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Brazilian Journal of Medical and Biological Research

Print version ISSN 0100-879XOn-line version ISSN 1414-431X

Braz J Med Biol Res vol.53 no.1 Ribeirão Preto Jan. 2020  Epub Dec 20, 2019

https://doi.org/10.1590/1414-431x20198645 

Research Article

Feasibility of non-intubated anesthesia and regional block for thoracoscopic surgery under spontaneous respiration: a prospective cohort study

1Department of Anesthesiology, Zhujiang Hospital of Southern Medical University, Guangzhou, Guangdong, China

2Department of Anesthesiology, Shenzhen People's Hospital, Shenzhen Anesthesiology Engineering Center, Shenzhen, Guangdong, China

3Department of Thoracic Surgery, Shenzhen Third People's Hospital, Guangdong Medical College, Shenzhen, Guangdong, China

4Department of Thoracic Surgery, Shenzhen People's Hospital, Shenzhen, Guangdong, China


ABSTRACT

Data about the feasibility and safety of thoracoscopic surgery under non-intubated anesthesia and regional block are limited. In this prospective study, 57 consecutive patients scheduled for thoracoscopic surgery were enrolled. Patients were sedated with dexmedetomidine and anesthetized with propofol and remifentanil. Ropivacaine was used for intercostal nerve and paravertebral block. Lidocaine was used for vagal block. The primary outcomes were mean arterial pressure (MAP), heart rate (HR), oxygen saturation, and end-tidal carbon dioxide partial pressure (ETCO2) at T0 (pre-anesthesia), T1 (immediately after laryngeal mask/nasopharyngeal airway placement), T2 (immediately after skin incision), T3 (10 min after opening the chest), T4 (end of surgery), and T5 (immediately after laryngeal mask/nasopharyngeal airway removal). One patient required conversion to intubation, 15 developed intraoperative hypotension, and two had hypoxemia. MAP at T0 and T5 was higher than at T1–T4; MAP at T3 was lower (P<0.05 vs other time points). HR at T0 and T5 was higher (P<0.05 vs other time points). ETCO2 at T2 and T3 was higher (P<0.05 vs other time points). Arterial pH, PCO2, and lactic acid at T1 differed from values at T0 and T2 (P<0.05). The Quality of Recovery-15 (QoR-15) score at 24 h was lower (P<0.05). One patient experienced dysphoria during recovery. Thoracoscopic surgery with regional block under direct thoracoscopic vision is a feasible and safe alternative to conventional surgery under general anesthesia, intubation, and one-lung ventilation.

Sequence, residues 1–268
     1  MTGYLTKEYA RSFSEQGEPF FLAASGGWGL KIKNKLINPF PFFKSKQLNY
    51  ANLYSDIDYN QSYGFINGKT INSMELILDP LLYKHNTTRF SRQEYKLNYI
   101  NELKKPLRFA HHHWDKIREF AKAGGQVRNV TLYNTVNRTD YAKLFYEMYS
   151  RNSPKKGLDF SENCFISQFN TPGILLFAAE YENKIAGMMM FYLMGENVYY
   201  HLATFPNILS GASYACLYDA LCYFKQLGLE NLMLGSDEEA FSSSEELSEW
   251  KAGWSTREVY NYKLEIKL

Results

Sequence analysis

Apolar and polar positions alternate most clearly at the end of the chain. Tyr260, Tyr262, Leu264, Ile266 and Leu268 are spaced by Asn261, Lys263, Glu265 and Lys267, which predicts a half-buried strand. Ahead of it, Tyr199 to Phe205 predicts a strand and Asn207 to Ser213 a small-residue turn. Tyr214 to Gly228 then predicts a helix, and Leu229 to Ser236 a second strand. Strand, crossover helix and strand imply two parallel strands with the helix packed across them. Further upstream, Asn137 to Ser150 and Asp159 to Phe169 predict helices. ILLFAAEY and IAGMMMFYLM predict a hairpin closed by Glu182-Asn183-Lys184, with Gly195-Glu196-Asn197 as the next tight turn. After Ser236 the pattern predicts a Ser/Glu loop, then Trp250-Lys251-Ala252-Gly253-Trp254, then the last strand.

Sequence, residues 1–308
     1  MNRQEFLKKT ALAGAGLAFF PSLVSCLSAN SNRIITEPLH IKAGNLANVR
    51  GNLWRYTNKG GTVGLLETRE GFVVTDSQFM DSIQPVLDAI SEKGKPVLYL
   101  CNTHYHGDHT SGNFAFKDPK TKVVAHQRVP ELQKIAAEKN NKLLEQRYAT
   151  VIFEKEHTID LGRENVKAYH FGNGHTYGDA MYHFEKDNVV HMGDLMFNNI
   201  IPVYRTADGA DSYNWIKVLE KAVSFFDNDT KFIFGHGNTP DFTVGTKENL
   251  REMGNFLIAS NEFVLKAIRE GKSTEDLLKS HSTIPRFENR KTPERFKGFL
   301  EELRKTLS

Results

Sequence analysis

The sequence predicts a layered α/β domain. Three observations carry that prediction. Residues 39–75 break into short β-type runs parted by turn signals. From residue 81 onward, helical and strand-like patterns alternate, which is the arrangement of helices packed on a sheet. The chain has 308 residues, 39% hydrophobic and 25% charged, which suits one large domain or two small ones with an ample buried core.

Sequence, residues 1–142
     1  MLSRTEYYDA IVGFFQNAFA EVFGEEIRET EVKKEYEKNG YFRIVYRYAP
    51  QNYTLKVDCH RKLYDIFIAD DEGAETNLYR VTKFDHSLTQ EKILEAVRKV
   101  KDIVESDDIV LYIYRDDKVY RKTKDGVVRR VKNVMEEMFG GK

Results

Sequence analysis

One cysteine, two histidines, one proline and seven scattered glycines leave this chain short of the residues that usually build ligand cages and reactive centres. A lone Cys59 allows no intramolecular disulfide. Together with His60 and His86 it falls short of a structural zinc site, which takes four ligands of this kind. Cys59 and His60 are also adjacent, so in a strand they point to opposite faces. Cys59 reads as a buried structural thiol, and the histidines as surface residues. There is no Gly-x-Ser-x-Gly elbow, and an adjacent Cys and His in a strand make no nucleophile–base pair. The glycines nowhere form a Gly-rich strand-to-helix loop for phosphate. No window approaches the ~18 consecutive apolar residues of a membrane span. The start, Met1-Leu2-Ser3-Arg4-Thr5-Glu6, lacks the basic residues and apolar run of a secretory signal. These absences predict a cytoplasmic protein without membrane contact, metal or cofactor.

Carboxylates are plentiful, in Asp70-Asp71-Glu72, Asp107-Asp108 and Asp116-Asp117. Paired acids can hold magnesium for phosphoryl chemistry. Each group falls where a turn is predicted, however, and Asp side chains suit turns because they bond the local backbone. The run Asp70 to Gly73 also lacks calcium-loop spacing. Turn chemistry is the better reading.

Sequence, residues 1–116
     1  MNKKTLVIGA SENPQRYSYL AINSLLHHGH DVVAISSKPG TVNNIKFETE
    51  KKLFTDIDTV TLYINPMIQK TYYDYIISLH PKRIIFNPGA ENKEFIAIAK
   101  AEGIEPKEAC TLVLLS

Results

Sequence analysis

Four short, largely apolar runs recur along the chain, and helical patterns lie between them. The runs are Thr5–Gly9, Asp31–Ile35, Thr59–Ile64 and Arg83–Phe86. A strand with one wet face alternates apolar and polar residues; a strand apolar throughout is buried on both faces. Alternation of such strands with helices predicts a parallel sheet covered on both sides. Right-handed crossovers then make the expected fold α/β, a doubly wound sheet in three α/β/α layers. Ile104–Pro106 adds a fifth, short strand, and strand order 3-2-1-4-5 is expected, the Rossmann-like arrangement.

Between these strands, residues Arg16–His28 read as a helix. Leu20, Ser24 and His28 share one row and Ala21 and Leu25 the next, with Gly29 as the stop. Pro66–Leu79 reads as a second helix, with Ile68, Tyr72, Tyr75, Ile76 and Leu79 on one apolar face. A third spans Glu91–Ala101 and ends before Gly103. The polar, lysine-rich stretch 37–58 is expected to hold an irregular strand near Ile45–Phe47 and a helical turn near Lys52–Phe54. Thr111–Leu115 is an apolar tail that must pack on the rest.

Key words: Non-intubated anesthesia; Paravertebral block; Postoperative recovery; Thoracoscopy; Spontaneous respiration

Introduction

Thoracic surgery has evolved rapidly in recent decades due to the development and refinement of one-lung isolation procedures. Intubated surgery under general anesthesia with one-lung ventilation is now recognized as a routine methodology (1). Video-assisted thoracoscopic surgery (VATS) is a minimally invasive technique and is conventionally used in intubated patients under general anesthesia. During VATS, one-lung ventilation can be achieved using a bronchial blocker or a double-lumen tube. Because intubation and general anesthesia are not without risks, there has been increasing interest in the use of thoracic surgery without tracheal intubation to achieve a stable perioperative status and complete the treatment in patients at high risk of complications during intubated general anesthesia. Encouragingly, non-intubated thoracoscopic procedures are feasible and safe for multiple thoracic diseases such as resection of lung parenchyma for pulmonary tumors (2), biopsy of interstitial lung disease (3), bullectomy for pneumothorax (4), decortication for thoracic empyema (5), and excision of mediastinal tumors (6).

Conventional surgery with double-lumen intubation is not recommended for those who do not require lung isolation (7). Non-intubated thoracoscopic procedures are distinct from conventional intubated surgery under general anesthesia in that the patient is able to breathe spontaneously under regional anesthesia (2,3,8,9). Non-intubated thoracoscopic surgery avoids the need for tracheal intubation, lung isolation devices, neuromuscular blocking agents, and mechanical ventilation, thereby lowering the risks of complications such as lung infection, lung injury, cardiac dysfunction, and bronchospasm (10,11). Even biopsies for interstitial lung disease performed under intubated general anesthesia are associated with a mortality and morbidity of 5.8 and 14.7%, respectively (12,13), highlighting the need for the development of less invasive surgical procedures.

Nevertheless, there is a lack of studies regarding the use of non-intubated anesthesia for thoracic operations. Therefore, the present study was undertaken to assess the feasibility and safety of non-intubated thoracoscopic surgery in spontaneously breathing patients, using regional block analgesia.

Material and Methods

Patients and study design

This was a prospective, uncontrolled, open-label study of consecutive patients scheduled for thoracoscopic surgery between April 2013 and June 2015 at the Department of Anesthesiology of Shenzhen People's Hospital (China). The inclusion criteria were: 1) American Society of Anesthesiologists (ASA) class I–II; 2) <70 years of age; 3) body mass index (BMI) <28 kg/m2; 4) no history of cardiovascular disease; and 5) no history of bronchial dilatation, pulmonary abscess, tuberculosis, or pulmonary disease that required lung isolation. The exclusion criteria were: 1) cold, fever, or cough; 2) chronic bronchitis, asthma, or any respiratory disorder leading to decreased lung function; 3) history of cranial surgery or brain trauma; 4) history of cognitive or mental disorders; 5) epilepsy or any other nervous system disease; 6) history of medication allergy; 7) thoracic adhesions requiring complex surgery; or 8) large expected amount of blood loss. Those requiring conversion to endotracheal intubation during surgery due to adverse events such as a large amount of blood loss or severe infection during the perioperative period, and those in whom the procedures were not strictly implemented for whatever reason were excluded from the analyses.

The ethics committee of Shenzhen People's Hospital (China) approved the study. Written informed consent was obtained from all participants or their legal guardians.

Anesthesia and surgery